high speed of operation is required voltage is lowered to attain higher speed of operation with
the penalty of increased power consumption.
Adaptive voltage Scaling (AVS): Here voltage is controlled using a control loop. This is an
extension of DVFS.
Multi Voltage Design Challenges
Level Shifters
Signals crossing from one voltage domain to another voltage domain have to be interfaced through
the level shifter buffers which appropriately shift the signal levels. Design of suitable level shifter is
a challenging job.
Timing Analysis
Timing analysis of the given design becomes simpler with the single voltage as it can be performed
for single performance point based on the characterized libraries. Tools can optimize the design for
worst case PVT (Process, Voltage, temperature) conditions. This is not the case with multi voltage
designs. Libraries should be characterized for different voltage levels that are used in the design.
EDA tool has to optimize individual blocks or subsystems and also multiple voltage domains. This
analysis becomes complex for larger ASIC/SoC.
Floor planning and Power Planning
Multiple power domain demands multiple power grid structure and a suitable power distribution
among them. For a larger ASIC/SoC more careful floor planning and power planning is essential.
The speed in which different power domains switch on or off is also important. A low voltage power
domain may activate early compared to the high voltage domain. Multi voltage designs pose
additional board level complexities. Separate power supply may necessary to provide different
power levels.
Multi Voltage Designs: Timing Issues
Clock

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Clock Tree Synthesis (CTS) tools should be aware of different power domains and understand the
level shifters to insert them in appropriate places. Clock tree is routed through level shifters to
reach different power domains. Simultaneous timing analysis and optimization is necessary for
multiple voltage domains. Thus CTS becomes more complex in multi voltage designs.
Timing Issues with multi voltage design
Static Timing Analysis (STA)
Timing analysis for single voltage design is easy. When it comes to static voltage scaling it becomes
little tougher job as analysis has to be carried out for different voltages. This methodology requires
libraries which are characterized for different voltages used. Multi level and dynamic voltage scaling
pose a greater challenge. For each supply voltage level or operating point constraints are specified.
There can be different operating modes for different voltages. Constraints need not be same for all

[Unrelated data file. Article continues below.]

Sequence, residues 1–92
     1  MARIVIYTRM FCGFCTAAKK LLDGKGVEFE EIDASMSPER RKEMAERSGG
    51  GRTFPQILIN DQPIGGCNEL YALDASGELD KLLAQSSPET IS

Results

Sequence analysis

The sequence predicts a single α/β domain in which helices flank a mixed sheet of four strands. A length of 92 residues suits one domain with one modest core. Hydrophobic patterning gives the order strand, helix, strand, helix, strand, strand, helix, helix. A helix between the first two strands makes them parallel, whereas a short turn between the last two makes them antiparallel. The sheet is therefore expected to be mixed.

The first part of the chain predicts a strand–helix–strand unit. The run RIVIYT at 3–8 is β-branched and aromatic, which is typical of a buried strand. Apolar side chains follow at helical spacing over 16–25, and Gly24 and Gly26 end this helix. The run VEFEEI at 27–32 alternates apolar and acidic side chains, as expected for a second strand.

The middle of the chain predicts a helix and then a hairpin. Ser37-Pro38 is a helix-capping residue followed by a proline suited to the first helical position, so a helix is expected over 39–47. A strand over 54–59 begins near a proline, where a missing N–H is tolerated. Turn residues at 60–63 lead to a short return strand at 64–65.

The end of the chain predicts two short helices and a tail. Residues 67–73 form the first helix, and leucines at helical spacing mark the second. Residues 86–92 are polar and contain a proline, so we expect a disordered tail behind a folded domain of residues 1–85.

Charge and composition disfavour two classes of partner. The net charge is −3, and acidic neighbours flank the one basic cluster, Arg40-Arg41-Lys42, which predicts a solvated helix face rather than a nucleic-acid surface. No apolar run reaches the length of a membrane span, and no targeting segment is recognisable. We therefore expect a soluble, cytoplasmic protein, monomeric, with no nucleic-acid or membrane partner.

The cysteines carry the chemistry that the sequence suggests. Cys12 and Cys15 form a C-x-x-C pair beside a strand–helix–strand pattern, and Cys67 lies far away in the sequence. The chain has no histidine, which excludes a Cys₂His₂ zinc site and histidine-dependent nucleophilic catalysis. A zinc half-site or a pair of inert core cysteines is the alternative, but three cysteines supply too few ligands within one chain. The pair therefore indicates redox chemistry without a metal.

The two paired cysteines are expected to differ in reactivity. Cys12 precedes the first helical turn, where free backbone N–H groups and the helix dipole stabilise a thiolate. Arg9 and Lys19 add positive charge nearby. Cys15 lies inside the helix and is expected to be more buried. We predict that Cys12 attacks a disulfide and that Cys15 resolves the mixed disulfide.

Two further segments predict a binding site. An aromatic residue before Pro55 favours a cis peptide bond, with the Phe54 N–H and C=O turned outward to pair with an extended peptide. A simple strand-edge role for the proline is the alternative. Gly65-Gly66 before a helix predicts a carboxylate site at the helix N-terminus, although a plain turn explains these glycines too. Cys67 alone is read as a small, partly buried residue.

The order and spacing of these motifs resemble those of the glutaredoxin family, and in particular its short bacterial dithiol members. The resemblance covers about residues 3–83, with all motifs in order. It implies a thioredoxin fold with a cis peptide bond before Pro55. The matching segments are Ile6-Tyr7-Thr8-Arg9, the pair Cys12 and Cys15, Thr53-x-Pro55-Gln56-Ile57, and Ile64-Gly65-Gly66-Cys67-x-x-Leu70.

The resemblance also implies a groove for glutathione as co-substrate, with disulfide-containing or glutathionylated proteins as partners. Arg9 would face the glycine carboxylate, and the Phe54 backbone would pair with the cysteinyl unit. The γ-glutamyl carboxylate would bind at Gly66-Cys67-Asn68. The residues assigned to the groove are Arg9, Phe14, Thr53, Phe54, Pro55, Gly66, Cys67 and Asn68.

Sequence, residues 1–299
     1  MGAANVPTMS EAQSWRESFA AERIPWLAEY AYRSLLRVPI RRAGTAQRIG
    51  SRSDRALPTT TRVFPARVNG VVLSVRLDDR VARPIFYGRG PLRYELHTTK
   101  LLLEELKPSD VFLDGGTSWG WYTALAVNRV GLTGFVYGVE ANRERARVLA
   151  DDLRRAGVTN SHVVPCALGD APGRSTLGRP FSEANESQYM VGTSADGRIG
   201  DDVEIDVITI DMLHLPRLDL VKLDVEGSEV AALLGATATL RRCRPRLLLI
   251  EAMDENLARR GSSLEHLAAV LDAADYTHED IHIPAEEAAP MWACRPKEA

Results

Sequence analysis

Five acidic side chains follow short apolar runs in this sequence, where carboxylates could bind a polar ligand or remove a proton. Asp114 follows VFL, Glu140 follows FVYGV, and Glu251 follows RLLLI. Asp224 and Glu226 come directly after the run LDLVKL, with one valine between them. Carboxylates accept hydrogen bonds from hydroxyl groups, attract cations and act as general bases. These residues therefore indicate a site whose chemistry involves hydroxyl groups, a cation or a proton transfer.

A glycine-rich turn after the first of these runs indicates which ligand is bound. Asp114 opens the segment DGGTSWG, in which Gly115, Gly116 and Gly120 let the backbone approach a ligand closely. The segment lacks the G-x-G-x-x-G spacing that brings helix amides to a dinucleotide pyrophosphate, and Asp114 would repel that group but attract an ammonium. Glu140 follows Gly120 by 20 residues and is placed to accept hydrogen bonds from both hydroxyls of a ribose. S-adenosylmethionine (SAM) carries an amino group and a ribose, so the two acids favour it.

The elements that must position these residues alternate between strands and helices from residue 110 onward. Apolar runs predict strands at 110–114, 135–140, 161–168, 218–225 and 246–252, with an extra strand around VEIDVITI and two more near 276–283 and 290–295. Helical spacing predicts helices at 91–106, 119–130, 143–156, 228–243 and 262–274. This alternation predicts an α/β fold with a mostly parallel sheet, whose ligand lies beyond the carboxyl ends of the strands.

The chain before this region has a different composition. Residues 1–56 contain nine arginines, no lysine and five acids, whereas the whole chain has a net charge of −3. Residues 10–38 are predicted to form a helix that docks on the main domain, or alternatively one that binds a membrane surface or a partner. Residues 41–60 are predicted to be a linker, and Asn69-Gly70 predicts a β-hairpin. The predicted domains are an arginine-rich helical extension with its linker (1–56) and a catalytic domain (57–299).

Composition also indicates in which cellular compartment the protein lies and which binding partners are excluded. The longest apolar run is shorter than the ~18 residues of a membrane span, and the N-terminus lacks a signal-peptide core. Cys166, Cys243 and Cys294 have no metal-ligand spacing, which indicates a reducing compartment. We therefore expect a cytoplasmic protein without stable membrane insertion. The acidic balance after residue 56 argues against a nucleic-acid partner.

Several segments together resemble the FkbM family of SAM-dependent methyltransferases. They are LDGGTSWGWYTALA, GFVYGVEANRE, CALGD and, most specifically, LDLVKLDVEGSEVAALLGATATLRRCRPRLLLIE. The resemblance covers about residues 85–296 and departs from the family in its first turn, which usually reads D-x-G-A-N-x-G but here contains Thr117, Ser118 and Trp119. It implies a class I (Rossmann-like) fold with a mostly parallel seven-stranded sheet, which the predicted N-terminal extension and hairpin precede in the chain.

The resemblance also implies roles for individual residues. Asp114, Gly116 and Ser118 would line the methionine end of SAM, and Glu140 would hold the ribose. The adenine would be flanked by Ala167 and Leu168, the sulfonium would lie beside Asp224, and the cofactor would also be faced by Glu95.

modes and voltages. The performance target for each mode can vary. EDA tool should be capable
of handling all these situations simultaneously to carry out timing analysis. Different constraints at
different modes and voltages have to be satisfied.
Multi Voltage Designs: Power Planning Issues
Efficient power planning is one of the key concerns of modern SoC designs. In multi voltage designs
providing power to the different power domains is challenging. Every power domain requires
independent local power supply and grid structure and some designs may even have a separate
power pad. Separate power pad is possible in flip-chip designs and power pad can be taken out
near from the power domain. Other chips have to take out the power pads from the periphery
which can put limit to the number of power domains.
Local on chip voltage regulation is good idea to provide multiple voltages to different circuits.
Unfortunately most of the digital CMOS technologies are not suitable for the implementation of
either switched mode of operation or linear voltage regulations. Separate power rail structure is
required for each power domain. These additional power rails introduce different levels of IR drop
putting limit to the achievable power efficiency.

Low Power Design Techniques


Michael Keating et al. [1] lists several low power techniques to tackle the dynamic and static power
consumption in modern SoC designs. Dynamic power control techniques include clock gating, multi
voltage, variable frequency, and efficient circuits. Leakage power control techniques include power
gating, multi Vt cells. Common methods supported by EDA tools include clock gating, gate sizing,
low power placement, register clustering, low power CTS, multi Vt optimization.